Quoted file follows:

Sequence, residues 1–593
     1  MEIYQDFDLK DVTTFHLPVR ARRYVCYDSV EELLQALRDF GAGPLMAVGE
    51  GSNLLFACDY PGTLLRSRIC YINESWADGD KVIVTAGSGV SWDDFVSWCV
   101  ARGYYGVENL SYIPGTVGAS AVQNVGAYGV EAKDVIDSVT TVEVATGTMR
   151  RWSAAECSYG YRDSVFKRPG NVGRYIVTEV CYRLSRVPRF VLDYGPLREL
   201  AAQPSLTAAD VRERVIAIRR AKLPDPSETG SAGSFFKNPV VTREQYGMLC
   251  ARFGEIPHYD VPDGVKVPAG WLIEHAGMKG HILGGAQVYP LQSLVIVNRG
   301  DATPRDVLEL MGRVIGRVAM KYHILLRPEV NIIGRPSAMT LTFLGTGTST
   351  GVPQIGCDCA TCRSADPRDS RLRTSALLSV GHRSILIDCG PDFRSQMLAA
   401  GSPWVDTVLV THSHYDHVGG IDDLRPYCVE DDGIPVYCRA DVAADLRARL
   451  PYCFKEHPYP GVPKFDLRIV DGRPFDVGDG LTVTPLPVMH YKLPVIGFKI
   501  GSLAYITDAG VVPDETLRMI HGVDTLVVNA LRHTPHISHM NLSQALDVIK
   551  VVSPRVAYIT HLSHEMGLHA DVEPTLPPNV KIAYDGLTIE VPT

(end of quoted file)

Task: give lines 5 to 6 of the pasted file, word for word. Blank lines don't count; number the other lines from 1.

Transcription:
   151  RWSAAECSYG YRDSVFKRPG NVGRYIVTEV CYRLSRVPRF VLDYGPLREL
   201  AAQPSLTAAD VRERVIAIRR AKLPDPSETG SAGSFFKNPV VTREQYGMLC